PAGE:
Totally basic. Totally boring. NOT a personal brand.

And this is very useful to know.

Personal Brands Exist Because We’re All Broadcasters Now

Leonard Lauder — uniquely amongst his generation — had to grapple with the implications of personal brand because his mother created a consumer-facing luxury company. Reading his autobiography is in many ways a history of brand strategy: Lauder was born in 1933, and — unlike the marketers that came after him — had to figure out how branding worked for himself, from scratch. In other words, he made it up as he went along.

Personal brands are more of a thing now because everyone is a broadcaster. Nobody but the Lauders — and a few others: politicians and media celebrities amongst them — had to worry about personal brand building in the decades after World War 2. But those who want to develop an online presence today have to grapple with some of the issues that Lauder faced in the 60s, and that, later, rock stars faced after the creation of MTV.

For the rest of this essay, when I say ‘personal brand’, I mean ‘the projection that you create of yourself in the heads of an audience, through a one-to-many broadcast channel’. There are many definitions of personal brand, but this one is mine.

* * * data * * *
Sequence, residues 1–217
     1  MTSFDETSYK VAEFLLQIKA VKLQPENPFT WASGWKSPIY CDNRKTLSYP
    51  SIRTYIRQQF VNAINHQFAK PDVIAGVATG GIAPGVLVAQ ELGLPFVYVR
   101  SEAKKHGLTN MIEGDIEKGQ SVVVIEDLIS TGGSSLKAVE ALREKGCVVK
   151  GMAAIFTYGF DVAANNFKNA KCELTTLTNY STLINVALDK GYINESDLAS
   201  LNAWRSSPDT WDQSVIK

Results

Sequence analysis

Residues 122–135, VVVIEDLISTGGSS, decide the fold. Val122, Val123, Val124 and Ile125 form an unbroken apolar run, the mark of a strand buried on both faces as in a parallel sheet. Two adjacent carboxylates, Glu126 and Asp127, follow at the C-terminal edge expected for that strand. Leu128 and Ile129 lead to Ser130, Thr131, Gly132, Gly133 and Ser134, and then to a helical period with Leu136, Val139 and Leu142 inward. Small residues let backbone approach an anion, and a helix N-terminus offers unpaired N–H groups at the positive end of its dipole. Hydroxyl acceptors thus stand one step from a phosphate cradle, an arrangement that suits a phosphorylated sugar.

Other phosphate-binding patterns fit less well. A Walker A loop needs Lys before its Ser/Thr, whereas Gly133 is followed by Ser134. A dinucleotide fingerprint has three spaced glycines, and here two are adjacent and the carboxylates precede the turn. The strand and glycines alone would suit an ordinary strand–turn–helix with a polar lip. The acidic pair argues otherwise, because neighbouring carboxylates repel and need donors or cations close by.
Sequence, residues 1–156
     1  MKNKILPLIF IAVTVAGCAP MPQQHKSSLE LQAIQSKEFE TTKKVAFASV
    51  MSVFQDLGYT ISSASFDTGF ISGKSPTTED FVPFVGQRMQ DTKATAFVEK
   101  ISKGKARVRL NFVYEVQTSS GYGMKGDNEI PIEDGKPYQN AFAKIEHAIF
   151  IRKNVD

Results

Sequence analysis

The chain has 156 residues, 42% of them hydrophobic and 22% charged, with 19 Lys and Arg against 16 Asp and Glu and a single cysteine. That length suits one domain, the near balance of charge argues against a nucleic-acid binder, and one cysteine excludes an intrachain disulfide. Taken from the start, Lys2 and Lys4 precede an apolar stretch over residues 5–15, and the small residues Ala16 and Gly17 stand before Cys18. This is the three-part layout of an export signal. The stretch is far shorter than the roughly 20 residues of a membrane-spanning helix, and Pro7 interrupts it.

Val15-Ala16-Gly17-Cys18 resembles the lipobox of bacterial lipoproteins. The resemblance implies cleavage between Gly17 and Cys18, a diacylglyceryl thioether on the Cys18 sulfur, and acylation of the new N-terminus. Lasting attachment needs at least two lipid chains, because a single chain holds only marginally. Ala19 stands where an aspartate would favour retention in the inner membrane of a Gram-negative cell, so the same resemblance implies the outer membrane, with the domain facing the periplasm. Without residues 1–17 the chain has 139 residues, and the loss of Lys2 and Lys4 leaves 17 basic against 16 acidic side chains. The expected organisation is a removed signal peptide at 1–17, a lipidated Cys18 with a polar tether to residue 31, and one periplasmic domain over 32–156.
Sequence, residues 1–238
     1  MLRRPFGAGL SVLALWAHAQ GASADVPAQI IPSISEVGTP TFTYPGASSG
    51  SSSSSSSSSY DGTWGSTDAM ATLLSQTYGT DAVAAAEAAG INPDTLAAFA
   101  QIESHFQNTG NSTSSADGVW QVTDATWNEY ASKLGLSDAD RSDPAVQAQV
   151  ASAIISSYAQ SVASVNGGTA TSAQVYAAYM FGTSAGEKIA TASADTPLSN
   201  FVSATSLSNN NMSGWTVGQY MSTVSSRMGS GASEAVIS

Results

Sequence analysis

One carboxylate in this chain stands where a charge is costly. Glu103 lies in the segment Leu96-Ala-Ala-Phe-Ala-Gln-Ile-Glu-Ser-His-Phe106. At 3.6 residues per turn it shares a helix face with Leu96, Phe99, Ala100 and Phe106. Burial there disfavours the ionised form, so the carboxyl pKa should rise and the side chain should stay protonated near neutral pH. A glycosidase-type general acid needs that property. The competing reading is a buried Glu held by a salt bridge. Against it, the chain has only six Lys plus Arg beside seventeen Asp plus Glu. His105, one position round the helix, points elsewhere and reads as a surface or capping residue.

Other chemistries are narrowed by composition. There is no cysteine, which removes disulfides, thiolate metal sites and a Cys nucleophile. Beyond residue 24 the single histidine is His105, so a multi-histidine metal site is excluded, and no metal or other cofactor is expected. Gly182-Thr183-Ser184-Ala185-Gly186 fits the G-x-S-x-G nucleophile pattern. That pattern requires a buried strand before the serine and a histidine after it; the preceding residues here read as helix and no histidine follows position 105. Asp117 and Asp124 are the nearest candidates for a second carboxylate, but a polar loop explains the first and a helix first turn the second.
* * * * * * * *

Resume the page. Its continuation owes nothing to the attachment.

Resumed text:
Reputations and Personal Brands Aren’t The Same Thing

One of the most interesting tensions in this topic is the gap between reputation and personal brand.

I think it’s fairly obvious that while there is large degree of overlap between the two concepts, they aren’t exactly the same thing. Warren Buffett’s dictum of “We can afford to lose money — even a lot of money. But we can’t afford to lose reputation — even a shred of reputation” doesn’t quite have the same ring to it, if you swapped out ‘reputation’ for ‘personal brand’.

The best frame I currently have for thinking about this is that reputation is what other people say about you, while personal brand is what you project about yourself. Ideally, the two are the same. But sometimes, they drift apart.

Here’s an example: I recently discovered that a thought leader I followed on Twitter was somewhat of a dickwad in real life. This was surprising — especially given that said person operated in Silicon Valley, while I lived in Singapore, half a globe away. You would think that reputations stay fairly local; on social media, this person always seemed thoughtful and kind and interesting and insightful. But through a friend who had operated in the Valley, I learnt that they weren't all they were made up to be.